May 9, 2009

Hack Circle or Pioneer Plaza?


LARGE IMAGE OPENS IN A NEW TAB OR WINDOW

Nicknamed the Hack Circle from the 1990s, the former site of the 1989 amphitheatre at the intersection of High and Cashel Streets is to be renamed as part of an upgrade that will include an extension to the vintage tram route. A Christchurch City Council spokesman is reported as saying that public submissions on a new name for the area could be the basis for a popular vote.

Accordingly we suggest the name Pioneer Plaza for what is undoubtedly one of the most significant historic locations in the city. Above is a panoramic view of the junction on the morning of Thursday, the 22nd of April 1869 and below is a similar aspect in 2008.


Known simply as "The Triangle" for a century, the triangular junction was matched to the south-east by the "Clocktower" junction at High and Manchester Streets and "The Bottleneck" junction at the intersection of High, Hereford and Colombo Streets to the northwest.

"The Triangle" intersection was the origin of the city's commercial precinct. Here was the 1851 passenger terminus for coaches to the ferry at Heathcote, first hotel (The White Hart), first Restaurant (Birdsey's), first Chemist shop (Wallace & Co), first fire station and the Customs House.


Above: Cobb & Company's circa 1854 booking office on the site now occupied by the Hallenstein's building. From here coaches departed for Papanui, Riccarton and the outlying settlements at Kaiapoi, Rangiora and Oxford. By the mid 1860s Cobb's coaches were carrying passengers from here to Timaru and the goldfields of the West Coast.


From here could be hired horse-drawn passenger cabs and Carrier's carts. Hansom cabs were a familiar sight on the rank until 1944 (above), which continued as a taxi rank into the 1960s.


Above: because of its historical significance as the place where they first arrived in Christchurch, the surviving pioneers from the first emigrant ships of 1850 gathered here to be photographed in 1900.


In 1910 the original gas lamp standard was replaced by a triangular flower bed, with a fountain at the centre. This feature survived until the early 1980s, but was removed for the 1983 first stage of the City Mall.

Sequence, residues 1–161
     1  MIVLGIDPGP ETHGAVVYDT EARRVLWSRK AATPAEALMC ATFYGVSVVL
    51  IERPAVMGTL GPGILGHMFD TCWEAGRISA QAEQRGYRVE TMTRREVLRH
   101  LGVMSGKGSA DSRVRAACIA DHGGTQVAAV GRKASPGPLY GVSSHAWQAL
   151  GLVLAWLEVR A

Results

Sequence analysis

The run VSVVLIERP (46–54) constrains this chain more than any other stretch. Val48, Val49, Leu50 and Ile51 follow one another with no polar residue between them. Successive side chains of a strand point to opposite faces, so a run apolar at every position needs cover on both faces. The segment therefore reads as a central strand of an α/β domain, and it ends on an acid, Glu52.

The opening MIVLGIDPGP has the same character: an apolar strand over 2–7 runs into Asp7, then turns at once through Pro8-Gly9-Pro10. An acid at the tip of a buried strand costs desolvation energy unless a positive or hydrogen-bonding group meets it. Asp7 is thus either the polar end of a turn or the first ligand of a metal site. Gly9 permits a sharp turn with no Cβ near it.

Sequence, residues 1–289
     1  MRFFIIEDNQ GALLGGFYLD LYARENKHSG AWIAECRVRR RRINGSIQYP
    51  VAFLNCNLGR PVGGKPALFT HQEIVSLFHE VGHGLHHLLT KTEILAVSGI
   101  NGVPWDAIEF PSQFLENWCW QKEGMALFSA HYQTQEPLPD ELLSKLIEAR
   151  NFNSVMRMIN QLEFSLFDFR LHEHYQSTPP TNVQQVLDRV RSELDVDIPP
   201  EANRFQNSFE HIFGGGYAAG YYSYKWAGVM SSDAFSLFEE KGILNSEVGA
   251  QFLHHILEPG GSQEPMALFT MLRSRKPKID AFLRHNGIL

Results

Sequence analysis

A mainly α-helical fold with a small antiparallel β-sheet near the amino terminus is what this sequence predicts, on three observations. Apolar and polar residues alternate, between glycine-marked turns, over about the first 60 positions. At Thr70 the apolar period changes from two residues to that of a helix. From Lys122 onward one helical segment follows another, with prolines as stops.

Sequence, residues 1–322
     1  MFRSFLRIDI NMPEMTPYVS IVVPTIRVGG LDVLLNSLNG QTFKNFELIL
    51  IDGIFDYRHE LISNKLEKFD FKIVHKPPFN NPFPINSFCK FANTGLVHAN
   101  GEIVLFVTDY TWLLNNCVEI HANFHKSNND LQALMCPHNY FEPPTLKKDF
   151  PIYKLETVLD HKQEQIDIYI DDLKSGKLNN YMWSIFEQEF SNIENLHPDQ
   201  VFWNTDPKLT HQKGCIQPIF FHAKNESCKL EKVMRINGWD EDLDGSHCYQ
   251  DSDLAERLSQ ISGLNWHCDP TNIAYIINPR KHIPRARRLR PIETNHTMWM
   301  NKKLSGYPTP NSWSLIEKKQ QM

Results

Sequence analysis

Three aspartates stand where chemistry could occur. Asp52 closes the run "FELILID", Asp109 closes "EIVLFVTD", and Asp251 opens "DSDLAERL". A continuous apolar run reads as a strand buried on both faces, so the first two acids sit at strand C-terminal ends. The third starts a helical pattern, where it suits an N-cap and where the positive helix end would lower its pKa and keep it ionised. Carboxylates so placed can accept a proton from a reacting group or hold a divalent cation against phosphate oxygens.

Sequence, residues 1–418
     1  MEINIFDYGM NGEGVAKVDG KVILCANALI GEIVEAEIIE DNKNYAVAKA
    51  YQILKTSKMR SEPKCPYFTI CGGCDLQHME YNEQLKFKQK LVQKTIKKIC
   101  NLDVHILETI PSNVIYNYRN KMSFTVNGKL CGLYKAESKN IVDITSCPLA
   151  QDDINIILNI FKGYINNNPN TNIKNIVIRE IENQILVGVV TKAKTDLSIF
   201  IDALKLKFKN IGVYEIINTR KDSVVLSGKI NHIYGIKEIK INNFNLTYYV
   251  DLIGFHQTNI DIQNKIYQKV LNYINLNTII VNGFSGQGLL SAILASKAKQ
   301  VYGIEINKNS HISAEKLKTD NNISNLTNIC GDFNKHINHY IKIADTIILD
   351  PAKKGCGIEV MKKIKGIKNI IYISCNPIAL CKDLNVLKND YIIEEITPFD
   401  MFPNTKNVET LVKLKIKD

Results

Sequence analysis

Accordingly, we consider that in naming the revamped intersection Pioneer Plaza, this generation will be honouring the memory of those pioneers who founded our city.



The 1989 Hack Circle amphitheatre

4 comments:

Sarndra said...

Fail's cafe in the background! A couple of shots of the interior in later years at
http://tinyurl.com/Fails-in-1979 and
http://tinyurl.com/fails-c1955 [mmm coffee :-) ]

Excellent photo with the pilgrims. Are you able to make that an enlargeable photo? I'm sure i can see my Robert Evans [Cressy] there :-) although the men looked the same a lot of the time!

Again..fascinating article..thanks!

Canterbury Heritage said...

That's Fail's Fish, Game and Poultry restaurant on it's original 1898-1907 site in High Street. It was on the ground floor of the Colonial Mutual Life building on the eastern side of High Street near the Cashel Street corner (the old building is still there).

Further Reading: Fail's Cafe

Anonymous said...

Wow, it would be great to have that fountain restored to the same spot. It's time to bring a sense of history back to the CBD!

Canterbury Heritage said...

Restoring the fountain would undoubtedly be among the most desirable options, but it might need to be idiot proofed against the sort of anti-social behaviour that has become the hallmark of this area on Friday and Saturday nights. But then again making the precinct something really special (including an interpretive display explaining its historical significance) and installing CCTV cameras could circumvent the sort of problems that were instrumental in the removal of the Hack Circle.